Brute-Force Attacks Go up Significantly in Illinois
Automated hacking attempts on Windows servers in Illinois have built up in the two weeks prior. The brute-force attacks have risen by 55 percent during the previous 14 days, according to data from Windows servers secured by Syspeace. At the same time, there was a slight decline of 18 percent in the whole USA.
Syspeace registered 150 automated hacking attempts per Windows servers in Illinois throughout the previous 14-day period. That means the brute-force attacks went up by 55 percent. That means 1,100 total the sum total of brute-force attacks in the Illinois throughout the 14 days prior were blocked by Syspeace.
Georgia and Kentucky have – for a comparison – been under increased attacks. With 200 blocked brute-force attacks per Windows server secured by Syspeace the previous 14 days, Georgia has recorded a surge of 66 percent in comparison with the past two weeks. In Kentucky, the amount has grown by 48 percent to 120 brute-force attacks per Windows server secured by Syspeace.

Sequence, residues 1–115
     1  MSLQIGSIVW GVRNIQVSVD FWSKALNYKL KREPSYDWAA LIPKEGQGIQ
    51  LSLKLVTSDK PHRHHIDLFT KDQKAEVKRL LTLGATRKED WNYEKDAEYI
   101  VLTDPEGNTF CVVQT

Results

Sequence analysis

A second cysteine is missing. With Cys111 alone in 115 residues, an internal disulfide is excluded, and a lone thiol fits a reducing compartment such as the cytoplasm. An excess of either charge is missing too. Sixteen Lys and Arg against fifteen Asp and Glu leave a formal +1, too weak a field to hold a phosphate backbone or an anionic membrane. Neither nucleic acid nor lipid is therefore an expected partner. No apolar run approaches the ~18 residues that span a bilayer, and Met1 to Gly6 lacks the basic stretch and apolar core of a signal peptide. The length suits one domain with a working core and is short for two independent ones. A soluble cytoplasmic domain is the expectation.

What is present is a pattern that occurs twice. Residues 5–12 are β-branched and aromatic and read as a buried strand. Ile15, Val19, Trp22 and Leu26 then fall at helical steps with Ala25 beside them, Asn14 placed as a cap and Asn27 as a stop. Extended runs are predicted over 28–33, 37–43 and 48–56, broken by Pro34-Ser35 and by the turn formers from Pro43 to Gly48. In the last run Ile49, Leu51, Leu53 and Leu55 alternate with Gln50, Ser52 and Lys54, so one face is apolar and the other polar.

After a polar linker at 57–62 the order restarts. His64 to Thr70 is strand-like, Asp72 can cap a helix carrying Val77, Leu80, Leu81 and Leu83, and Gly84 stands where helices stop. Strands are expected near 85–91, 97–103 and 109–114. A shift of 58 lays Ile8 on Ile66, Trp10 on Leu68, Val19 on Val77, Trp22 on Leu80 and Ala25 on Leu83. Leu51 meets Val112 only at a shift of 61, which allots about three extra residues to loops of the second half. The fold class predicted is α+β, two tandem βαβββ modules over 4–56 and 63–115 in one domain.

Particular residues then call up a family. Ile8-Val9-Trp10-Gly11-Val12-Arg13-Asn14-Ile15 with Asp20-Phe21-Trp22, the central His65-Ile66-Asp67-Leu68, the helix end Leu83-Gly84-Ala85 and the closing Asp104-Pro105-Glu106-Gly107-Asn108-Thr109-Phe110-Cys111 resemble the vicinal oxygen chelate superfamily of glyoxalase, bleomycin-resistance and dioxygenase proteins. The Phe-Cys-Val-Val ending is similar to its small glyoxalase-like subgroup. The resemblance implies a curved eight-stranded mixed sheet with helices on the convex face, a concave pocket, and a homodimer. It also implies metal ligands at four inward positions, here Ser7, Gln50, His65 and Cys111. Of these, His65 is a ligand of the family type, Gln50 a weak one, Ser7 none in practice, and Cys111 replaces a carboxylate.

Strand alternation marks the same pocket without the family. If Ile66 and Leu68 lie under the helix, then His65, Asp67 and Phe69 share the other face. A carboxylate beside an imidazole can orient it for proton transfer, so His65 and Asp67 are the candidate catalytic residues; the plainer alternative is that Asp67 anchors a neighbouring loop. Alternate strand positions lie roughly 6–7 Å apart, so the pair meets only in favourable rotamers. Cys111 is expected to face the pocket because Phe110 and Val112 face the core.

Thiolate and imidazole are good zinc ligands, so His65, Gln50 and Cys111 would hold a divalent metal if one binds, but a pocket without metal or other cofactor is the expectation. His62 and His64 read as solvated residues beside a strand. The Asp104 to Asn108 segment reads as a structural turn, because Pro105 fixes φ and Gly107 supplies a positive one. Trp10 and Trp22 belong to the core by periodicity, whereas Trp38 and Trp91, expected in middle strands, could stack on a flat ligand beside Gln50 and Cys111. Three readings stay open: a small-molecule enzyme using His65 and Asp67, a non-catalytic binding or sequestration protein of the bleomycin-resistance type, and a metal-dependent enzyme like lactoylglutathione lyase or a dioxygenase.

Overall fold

Illinois is under increasing attacks, but at the same time the attacks on Syspeace-secured Windows Servers have decreased all around the USA. During the last weeks, there have been 18 percent less automated hacking attempts than in the previous 14 days in the USA. Up until now, this year there have been 780 automated hacking attempts per Syspeace-secured server in the USA. The brute-force attacks have decreased by 67 percent on a year-to-year comparison. That is to say, the number of automated hacking attempts blocked by Syspeace in the USA was 350,000.
The evidence originates from Syspeace, a company that helps fight automated hacking attempts. Syspeace saves businesses time, effort, and money by blocking attacks that otherwise take many hours of repetitive, manual labor to find and prevent. Syspeace scans all the global Syspeace-secured Windows Servers thoroughly. The company is a global trendsetter on the topic since 2012, having collected and analyzed statistics on automated hacking attempts.
During the brute-force attack, an attacker submits many different passwords and passphrases in the system, hoping to finally get them right. The attacker systematically inspects all possible passwords and passphrases to find the right one.
To keep systems secure and block automated hacking attempts, Syspeace provides software that shields firms from IT theft, combined with exceptional customer support.